July 22, 2021 — The COVID-19 pandemic of 2020 revealed the crucial role local food systems can play in community food security. The nation’s food systems practitioners have identified professional development opportunities as a pressing need in addressing issues of food security and equity.
A national team of researchers and practitioners led by Iowa State University Extension and Outreach has developed a national database for both practitioners and educational resources related to a previous project for food systems core competencies. This project is supported by a cooperative agreement between the Farm, Food and Enterprise Development program of ISU Extension and Outreach and the USDA’s Agricultural Marketing Service (AMS).
A team of nine organizations including Iowa State’s Indicators Team created the database, which went live July 15. Team members included Colorado State University and Local Food Economics, North Carolina State, American Farmland Trust, Johns Hopkins Center for a Livable Future, National Center for Appropriate Technology, University of Vermont and the Food Safety Clearinghouse, the North American Food Systems Network, eXtension and the Wallace Center at Winrock International.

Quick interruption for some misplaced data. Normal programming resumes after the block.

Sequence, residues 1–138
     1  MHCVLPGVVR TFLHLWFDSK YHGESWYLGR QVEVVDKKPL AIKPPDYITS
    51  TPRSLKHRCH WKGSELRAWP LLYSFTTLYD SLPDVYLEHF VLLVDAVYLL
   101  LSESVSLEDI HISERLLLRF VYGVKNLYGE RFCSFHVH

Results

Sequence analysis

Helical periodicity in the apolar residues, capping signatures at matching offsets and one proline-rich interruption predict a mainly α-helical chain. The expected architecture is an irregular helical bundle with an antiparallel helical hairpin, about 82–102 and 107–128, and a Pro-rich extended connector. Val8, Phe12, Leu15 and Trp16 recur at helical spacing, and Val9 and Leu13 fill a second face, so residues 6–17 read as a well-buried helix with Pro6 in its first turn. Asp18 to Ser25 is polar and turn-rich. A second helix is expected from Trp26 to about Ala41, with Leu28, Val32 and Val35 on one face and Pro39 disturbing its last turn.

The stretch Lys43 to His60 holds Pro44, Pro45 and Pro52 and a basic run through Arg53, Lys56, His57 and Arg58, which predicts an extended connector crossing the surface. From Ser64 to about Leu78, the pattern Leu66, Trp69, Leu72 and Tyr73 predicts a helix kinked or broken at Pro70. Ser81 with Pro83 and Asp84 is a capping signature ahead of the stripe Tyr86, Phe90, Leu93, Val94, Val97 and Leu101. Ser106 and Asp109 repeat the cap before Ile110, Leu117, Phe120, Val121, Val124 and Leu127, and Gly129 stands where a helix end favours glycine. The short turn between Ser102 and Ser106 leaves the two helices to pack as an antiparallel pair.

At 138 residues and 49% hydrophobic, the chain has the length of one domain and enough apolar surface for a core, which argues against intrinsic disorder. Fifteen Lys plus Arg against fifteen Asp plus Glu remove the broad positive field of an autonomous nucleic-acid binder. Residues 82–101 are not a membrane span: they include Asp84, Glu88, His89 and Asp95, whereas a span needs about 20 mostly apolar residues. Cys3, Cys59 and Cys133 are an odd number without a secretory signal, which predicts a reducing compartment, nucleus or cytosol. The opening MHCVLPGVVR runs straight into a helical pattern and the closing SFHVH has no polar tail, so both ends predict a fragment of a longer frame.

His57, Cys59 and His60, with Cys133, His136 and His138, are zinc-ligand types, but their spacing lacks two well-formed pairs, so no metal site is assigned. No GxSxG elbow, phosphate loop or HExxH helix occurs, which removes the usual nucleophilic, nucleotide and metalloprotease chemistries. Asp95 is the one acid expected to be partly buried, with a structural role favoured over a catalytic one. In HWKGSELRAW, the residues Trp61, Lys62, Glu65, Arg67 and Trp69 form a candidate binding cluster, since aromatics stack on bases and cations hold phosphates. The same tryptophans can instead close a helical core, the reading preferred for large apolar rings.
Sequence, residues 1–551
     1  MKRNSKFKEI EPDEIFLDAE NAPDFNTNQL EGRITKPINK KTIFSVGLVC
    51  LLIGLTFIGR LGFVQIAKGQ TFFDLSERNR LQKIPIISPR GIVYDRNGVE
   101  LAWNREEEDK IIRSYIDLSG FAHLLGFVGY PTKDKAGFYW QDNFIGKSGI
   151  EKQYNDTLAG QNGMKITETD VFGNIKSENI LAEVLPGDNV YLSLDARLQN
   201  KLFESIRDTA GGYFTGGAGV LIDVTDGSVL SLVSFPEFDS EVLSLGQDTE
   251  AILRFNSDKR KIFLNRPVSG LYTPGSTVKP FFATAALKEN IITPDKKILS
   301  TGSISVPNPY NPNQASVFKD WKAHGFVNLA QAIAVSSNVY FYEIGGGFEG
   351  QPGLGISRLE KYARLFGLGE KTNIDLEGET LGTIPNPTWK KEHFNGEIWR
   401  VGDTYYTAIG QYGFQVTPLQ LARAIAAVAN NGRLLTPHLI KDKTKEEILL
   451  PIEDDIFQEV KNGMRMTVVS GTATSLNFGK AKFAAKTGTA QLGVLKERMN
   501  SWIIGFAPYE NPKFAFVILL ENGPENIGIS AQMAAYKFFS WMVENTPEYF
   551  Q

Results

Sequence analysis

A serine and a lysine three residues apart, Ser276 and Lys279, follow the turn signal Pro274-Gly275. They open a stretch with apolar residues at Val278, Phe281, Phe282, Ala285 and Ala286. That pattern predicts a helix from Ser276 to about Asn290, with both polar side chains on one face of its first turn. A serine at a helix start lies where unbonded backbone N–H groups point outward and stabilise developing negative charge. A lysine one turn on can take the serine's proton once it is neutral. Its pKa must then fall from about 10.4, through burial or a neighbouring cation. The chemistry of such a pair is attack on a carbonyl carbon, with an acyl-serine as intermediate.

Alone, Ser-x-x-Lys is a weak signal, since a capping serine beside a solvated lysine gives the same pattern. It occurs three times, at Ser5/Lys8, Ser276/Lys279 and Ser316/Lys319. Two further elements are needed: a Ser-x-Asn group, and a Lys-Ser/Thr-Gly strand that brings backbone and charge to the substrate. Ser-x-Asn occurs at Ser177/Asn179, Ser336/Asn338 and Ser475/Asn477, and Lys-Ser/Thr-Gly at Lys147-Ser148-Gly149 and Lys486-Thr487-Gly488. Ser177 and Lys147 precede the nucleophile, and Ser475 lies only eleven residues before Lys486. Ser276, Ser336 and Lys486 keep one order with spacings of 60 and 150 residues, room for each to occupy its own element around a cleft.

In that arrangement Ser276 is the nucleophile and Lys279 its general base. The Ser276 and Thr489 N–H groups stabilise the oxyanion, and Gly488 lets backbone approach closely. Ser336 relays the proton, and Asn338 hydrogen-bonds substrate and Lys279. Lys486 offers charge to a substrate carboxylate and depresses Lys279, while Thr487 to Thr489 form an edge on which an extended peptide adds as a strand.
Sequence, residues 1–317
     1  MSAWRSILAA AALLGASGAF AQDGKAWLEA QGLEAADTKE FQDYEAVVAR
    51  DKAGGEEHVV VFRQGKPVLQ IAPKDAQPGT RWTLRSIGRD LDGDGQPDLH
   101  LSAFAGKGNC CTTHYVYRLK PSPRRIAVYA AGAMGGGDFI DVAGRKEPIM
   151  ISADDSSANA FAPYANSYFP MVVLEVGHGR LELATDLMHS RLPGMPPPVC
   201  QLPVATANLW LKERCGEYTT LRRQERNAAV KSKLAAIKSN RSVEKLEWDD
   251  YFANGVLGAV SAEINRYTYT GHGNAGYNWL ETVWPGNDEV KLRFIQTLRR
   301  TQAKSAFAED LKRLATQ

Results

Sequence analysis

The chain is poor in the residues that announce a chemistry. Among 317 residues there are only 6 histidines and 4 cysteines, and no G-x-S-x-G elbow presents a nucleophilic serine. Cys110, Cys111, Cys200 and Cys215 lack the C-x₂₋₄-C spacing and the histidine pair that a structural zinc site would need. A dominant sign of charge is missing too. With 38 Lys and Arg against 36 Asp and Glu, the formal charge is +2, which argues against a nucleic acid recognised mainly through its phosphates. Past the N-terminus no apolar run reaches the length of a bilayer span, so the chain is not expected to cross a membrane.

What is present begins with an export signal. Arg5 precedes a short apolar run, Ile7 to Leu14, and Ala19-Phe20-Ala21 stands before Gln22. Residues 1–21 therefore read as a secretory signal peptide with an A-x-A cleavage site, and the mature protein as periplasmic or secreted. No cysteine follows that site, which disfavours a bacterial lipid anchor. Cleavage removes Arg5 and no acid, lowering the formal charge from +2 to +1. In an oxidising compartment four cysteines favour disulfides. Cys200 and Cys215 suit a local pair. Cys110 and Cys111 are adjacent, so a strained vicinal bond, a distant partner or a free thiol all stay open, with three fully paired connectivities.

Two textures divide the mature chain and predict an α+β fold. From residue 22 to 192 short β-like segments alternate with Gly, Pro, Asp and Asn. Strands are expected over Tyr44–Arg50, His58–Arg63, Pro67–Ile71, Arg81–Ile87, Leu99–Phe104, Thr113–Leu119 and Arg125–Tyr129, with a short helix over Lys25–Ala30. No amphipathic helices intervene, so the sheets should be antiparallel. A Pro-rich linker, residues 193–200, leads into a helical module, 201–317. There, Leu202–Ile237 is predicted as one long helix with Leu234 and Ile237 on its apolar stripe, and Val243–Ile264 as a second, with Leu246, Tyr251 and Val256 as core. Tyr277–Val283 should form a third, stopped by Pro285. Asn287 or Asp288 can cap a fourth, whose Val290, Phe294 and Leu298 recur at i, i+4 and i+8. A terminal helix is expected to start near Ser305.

The site currently contains 92 educational resource profiles and 79 practitioner profiles across the nation, added during a limited pilot in spring 2021. Anyone engaged or interested in food systems can add their profile and use the database to learn about educational resources and practitioners in their area. For example, a search for “equity” might show both trainings and curricula and local practitioners with equity expertise to connect with directly.
“This website will be a useful resource to support individuals seeking out educational resources around food systems,” said Courtney Long. “It will also help connect and identify food systems practitioners across nine different competency areas.”
Marie Boyd, Healthy Harvest Executive Director shared that, “this directory is something we’ve needed here in Iowa, as our system has grown in complexity. It is an opportunity to map the complexities between local food coordinators, food hubs, farmers, farm to school leaders, and beyond. I am looking forward to utilizing this resource to fully understand our food systems workers across the state to more fully connect and develop relationships.”
The site is ready for individuals to develop profiles and begin listing existing curricula. The team welcomes anyone working across the sectors of food systems, hosting educational programs or who have general interest to check out the food systems practitioner and educational resource database.
For information about this project, contact Andrew Carberry or Courtney Long. For technical information about the database, contact email@example.com and see the Food Systems Core Competency Project.